I often think of despair as the deepest seedbeds of hope. It is when we have been pushed to such an extreme when we only realize the goodness and grace of this world. Surely even a person like Doña Ignacia Sanchez Botello thought about giving up on more than one chance; but unlike the atheist, she used the bleakness and severity of her condition to see that there is still some good left in this world. Perhaps society in general is indeed doomed to be a habitation of devils; but where most give up, there, too, is to be found hope. The shadows are always darker than the light, but it is nevertheless always dispelled.

It was Mother Teresa who taught me what it means to love through her example. Here was a woman who looked more like a corpse than a human being, whose face was furrowed with long nights of grieving and praying just to give some nameless man, abandoned in the streets for the sport of crows and predators, another day, hoping against hope that someone would come pick him up. In many cases, such days never come. If there is anything this should teach us, it is this: to despair is the greatest proof of God’s love, because in seeing the world as meaningless and shrouded in all its defects is a way of perceiving the haunting truth that there is a God out there Who loves us, and Who wants everything for us to become more than dust, more than ashes.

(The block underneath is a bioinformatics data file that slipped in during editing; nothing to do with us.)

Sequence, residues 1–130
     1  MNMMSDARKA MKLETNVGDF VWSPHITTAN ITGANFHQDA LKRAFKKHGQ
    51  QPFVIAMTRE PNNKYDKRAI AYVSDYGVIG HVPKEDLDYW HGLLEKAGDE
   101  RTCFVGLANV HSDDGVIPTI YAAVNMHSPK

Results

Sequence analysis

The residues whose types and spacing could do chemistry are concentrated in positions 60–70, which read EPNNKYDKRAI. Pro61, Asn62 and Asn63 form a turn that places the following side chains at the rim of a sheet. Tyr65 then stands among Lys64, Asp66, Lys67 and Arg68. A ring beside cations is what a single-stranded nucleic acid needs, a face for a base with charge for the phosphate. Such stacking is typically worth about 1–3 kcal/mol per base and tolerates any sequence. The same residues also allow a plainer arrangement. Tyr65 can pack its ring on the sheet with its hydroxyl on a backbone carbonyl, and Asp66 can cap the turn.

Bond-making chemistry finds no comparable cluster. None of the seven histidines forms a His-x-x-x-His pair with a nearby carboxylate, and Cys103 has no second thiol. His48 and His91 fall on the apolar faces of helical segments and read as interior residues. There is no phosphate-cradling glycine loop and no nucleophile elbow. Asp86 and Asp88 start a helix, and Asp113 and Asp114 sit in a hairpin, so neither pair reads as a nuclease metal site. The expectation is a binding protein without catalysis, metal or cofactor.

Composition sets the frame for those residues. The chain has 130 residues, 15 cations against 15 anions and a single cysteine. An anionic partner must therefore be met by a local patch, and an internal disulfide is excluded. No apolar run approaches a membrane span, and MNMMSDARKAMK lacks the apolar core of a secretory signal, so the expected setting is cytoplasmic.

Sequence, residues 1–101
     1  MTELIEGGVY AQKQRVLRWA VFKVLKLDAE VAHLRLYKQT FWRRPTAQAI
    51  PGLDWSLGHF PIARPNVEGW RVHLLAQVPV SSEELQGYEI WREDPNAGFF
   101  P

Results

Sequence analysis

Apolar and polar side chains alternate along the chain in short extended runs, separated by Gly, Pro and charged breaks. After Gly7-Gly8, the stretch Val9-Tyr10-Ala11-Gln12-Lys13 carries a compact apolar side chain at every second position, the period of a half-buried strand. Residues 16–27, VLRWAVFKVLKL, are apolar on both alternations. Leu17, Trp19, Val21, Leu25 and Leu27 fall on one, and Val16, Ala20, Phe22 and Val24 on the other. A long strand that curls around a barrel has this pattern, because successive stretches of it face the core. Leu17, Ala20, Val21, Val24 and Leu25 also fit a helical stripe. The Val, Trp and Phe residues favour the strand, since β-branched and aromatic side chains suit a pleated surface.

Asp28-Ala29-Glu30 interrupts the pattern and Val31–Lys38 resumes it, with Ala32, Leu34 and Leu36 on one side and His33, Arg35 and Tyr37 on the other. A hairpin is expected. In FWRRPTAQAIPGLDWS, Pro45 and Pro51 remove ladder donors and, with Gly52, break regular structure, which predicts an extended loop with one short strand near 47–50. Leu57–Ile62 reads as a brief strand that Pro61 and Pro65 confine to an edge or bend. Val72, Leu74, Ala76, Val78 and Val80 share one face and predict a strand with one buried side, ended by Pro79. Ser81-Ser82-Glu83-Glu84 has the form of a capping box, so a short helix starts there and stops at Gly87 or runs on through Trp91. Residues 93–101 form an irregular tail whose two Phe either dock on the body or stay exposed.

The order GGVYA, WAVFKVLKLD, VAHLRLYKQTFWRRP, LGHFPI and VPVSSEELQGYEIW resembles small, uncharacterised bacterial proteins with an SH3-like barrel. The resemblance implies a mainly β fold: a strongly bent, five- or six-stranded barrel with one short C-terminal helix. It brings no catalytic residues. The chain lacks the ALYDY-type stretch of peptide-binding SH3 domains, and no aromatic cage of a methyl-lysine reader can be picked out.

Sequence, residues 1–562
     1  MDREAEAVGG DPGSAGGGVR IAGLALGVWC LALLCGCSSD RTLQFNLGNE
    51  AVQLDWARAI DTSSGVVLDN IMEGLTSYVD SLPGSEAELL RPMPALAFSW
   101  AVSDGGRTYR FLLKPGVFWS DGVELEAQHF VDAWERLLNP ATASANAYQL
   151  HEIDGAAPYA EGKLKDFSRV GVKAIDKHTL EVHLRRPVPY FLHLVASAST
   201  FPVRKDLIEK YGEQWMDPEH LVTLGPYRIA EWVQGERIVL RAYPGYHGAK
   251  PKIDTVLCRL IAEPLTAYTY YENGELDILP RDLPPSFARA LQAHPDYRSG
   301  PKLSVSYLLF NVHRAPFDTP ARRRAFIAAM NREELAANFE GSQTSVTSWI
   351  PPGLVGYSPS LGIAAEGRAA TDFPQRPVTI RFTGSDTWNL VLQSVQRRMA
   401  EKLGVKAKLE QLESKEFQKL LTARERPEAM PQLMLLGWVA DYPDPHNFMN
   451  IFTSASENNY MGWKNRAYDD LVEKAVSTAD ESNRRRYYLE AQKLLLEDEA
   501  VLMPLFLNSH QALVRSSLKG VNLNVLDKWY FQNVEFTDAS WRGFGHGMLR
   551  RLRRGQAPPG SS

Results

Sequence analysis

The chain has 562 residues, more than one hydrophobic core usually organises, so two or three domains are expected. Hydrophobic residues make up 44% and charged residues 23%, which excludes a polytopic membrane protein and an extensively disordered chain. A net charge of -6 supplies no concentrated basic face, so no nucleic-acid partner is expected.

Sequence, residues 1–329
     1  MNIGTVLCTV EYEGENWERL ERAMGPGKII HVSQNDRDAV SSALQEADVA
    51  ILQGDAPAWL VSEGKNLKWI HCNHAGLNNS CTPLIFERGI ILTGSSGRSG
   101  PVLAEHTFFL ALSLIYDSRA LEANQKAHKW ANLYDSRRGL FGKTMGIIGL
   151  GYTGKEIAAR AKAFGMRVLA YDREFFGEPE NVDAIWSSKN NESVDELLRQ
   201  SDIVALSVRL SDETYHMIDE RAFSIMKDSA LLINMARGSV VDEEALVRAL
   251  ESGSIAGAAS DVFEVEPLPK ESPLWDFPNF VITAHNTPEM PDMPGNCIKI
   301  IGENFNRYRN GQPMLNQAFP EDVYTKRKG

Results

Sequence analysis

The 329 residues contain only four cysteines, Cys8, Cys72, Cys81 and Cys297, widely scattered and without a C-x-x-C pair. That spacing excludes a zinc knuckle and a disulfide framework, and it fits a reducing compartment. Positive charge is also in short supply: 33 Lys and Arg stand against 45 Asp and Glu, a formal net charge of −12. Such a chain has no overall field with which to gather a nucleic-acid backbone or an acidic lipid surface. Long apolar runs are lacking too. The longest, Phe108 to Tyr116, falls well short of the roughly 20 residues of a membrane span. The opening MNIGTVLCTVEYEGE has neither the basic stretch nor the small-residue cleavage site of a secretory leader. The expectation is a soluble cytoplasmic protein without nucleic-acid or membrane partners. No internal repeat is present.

I pray that my atheist friend will one day see the light; it would be such a sad thought if he were to think all his efforts and hard work ultimately amount to nothing but sentimentality and obligation. He is such a wonderful person to talk to, and it would be a shame if he were never to see that there is still a spark of goodness in an otherwise clouded and stormy world. As for my father, he has thankfully overcome that brief, though seemingly eternal, period of intense trial and tribulation. What doesn’t kill you makes you stronger, after all. Perhaps the surest and most surreal sign that his ordeal has finally come to an end occurred last year, when we visited my grandmother’s grave. He didn’t cry; he merely smiled, which in all probability she too would have wanted for him to do. The flowers beside the grave were in full bloom, and the grass carried the fresh scent of spring, while under the shade of the tree everything looked golden. As we were finally leaving, I heard a song playing on the radio of a car some three hundred feet away. It was the Beatles’ classic ‘Here Comes the Sun’. My dad smiled, and we pretended not to notice. It has indeed been a long and lonely winter.